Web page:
It may not be earth-shattering news, but the resumption of Internet classes for seniors at Philipsburg Jubilee Library (see Wednesday paper) is noteworthy. To start, it’s commendable that management and staff were able to again offer this free service despite having to move out of their badly hurricane-damaged and practically condemned former complex into smaller temporary quarters at the Adolphus Richardson Building.
Space for the weekly morning and afternoon sessions is understandably limited to 10 participants each, but it’s still a great opportunity for people over 50 to familiarise themselves with information and communication technology (ICT) and how to benefit from such. Mentioned were using email and Facebook, reading online and Skyping.
Studies have shown that these skills can help prevent the elderly from becoming isolated, which often happens as they tend to – slowly but surely – lose contact with others. Not only that, but computers and the Worldwide Web are great research tools that allow for easily finding out more about practically everything.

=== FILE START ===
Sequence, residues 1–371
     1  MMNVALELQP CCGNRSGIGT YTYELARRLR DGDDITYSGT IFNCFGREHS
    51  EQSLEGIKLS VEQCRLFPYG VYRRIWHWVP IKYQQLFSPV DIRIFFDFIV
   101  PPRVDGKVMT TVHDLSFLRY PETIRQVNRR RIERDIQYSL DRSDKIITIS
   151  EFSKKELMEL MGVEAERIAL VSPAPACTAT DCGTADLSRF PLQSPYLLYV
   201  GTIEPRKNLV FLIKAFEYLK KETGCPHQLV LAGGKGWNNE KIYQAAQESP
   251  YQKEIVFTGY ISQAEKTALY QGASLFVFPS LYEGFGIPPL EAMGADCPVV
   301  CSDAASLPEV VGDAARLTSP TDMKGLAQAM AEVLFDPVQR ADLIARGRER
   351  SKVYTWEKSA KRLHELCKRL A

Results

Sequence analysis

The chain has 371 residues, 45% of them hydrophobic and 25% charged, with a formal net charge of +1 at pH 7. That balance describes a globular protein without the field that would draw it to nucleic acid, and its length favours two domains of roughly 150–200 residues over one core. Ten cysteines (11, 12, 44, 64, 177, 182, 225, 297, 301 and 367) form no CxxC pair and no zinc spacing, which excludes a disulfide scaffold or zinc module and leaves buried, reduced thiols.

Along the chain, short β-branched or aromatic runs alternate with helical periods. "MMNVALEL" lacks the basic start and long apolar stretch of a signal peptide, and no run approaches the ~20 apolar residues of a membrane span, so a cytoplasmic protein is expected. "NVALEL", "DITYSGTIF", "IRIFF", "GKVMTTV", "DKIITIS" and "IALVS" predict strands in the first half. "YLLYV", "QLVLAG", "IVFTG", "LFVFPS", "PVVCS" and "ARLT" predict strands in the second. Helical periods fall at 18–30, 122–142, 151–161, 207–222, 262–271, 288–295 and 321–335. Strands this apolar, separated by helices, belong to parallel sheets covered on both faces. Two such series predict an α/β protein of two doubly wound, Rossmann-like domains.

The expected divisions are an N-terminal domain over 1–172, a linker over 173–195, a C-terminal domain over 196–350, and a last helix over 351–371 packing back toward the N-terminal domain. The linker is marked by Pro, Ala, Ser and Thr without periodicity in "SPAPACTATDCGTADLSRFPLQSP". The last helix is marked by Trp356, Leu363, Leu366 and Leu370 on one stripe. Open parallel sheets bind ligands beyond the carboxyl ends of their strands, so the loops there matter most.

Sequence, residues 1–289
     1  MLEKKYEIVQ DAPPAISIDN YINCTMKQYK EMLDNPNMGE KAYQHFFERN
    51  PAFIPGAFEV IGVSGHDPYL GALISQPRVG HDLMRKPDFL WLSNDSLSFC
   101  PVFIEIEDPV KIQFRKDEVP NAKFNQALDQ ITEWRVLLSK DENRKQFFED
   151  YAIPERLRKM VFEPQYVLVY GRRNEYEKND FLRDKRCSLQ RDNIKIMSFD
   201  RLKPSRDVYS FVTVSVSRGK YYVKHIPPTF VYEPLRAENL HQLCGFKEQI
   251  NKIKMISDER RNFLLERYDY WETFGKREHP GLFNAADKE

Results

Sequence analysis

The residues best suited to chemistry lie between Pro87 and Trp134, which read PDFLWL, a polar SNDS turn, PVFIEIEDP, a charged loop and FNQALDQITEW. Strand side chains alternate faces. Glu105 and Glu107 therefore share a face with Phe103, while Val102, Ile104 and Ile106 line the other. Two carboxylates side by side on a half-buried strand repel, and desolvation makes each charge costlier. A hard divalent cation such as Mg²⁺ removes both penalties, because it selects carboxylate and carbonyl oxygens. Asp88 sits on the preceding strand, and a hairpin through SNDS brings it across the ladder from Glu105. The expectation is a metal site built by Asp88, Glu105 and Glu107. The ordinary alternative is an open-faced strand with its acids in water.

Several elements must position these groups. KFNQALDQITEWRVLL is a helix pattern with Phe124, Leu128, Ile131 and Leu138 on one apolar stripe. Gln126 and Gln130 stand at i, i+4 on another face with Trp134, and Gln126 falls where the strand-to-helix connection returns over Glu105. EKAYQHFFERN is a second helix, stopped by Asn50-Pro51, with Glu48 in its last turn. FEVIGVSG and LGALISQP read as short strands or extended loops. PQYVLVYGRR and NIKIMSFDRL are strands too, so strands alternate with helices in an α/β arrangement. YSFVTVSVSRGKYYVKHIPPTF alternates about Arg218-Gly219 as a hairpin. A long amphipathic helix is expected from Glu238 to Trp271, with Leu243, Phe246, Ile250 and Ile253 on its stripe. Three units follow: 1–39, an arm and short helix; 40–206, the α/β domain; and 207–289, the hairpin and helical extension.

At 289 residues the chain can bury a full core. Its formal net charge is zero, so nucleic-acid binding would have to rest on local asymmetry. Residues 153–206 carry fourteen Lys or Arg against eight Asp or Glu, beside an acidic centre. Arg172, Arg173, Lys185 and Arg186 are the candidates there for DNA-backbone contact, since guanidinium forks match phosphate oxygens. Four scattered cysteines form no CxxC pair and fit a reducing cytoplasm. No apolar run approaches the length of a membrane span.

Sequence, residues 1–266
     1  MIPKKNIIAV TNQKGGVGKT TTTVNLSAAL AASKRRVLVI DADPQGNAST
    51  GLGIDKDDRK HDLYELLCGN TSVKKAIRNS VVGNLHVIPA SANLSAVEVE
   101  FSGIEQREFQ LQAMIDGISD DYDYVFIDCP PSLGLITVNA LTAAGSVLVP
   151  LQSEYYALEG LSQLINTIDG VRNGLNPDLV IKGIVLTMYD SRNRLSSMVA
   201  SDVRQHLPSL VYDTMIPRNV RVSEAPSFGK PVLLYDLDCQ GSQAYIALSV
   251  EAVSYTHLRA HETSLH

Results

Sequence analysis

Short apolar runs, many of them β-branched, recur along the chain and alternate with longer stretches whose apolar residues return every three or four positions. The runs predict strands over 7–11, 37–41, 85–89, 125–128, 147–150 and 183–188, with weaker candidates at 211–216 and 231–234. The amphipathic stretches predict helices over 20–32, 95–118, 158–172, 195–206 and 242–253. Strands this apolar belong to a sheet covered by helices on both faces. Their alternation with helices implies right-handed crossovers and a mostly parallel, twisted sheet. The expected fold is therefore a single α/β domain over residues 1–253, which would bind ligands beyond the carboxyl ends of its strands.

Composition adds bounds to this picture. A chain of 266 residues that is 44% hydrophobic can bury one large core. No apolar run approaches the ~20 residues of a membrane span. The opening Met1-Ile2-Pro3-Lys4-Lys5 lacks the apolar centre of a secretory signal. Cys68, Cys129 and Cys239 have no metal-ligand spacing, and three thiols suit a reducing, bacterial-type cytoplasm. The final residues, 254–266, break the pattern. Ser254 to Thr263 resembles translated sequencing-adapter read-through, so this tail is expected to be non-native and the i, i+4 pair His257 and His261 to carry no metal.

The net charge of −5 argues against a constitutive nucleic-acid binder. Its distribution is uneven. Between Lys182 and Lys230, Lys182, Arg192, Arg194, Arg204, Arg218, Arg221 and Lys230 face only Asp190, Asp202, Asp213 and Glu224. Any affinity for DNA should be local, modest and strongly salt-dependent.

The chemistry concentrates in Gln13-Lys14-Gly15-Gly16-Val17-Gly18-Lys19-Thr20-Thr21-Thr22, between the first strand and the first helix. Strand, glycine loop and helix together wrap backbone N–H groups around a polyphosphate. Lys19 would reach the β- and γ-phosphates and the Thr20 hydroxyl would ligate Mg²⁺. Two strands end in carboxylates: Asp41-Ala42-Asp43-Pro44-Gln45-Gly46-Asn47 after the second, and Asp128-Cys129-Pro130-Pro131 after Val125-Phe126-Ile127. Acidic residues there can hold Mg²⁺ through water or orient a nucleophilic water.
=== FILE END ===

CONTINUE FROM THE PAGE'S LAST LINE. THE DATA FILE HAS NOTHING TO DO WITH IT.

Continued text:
By the way, older persons should not be embarrassed whatsoever about needing this kind of guidance, because today’s rapid technological advances are hard to keep up with in general and certainly at their age. After all, some 30 years ago the fax machine was a big breakthrough, but now it is hardly used anymore and there are many similar examples.
So, concern about possibly being called a “dinosaur” is a bit misplaced. One is never too old to learn and there is absolutely no shame in doing so.